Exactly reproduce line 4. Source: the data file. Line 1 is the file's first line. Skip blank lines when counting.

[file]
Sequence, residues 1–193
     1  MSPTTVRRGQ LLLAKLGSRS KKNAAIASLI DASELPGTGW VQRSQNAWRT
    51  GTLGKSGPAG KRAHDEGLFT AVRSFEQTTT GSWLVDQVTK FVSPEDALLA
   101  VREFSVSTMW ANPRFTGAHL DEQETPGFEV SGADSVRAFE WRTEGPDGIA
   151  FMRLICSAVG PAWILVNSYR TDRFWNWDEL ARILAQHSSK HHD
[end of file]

   101  VREFSVSTMW ANPRFTGAHL DEQETPGFEV SGADSVRAFE WRTEGPDGIA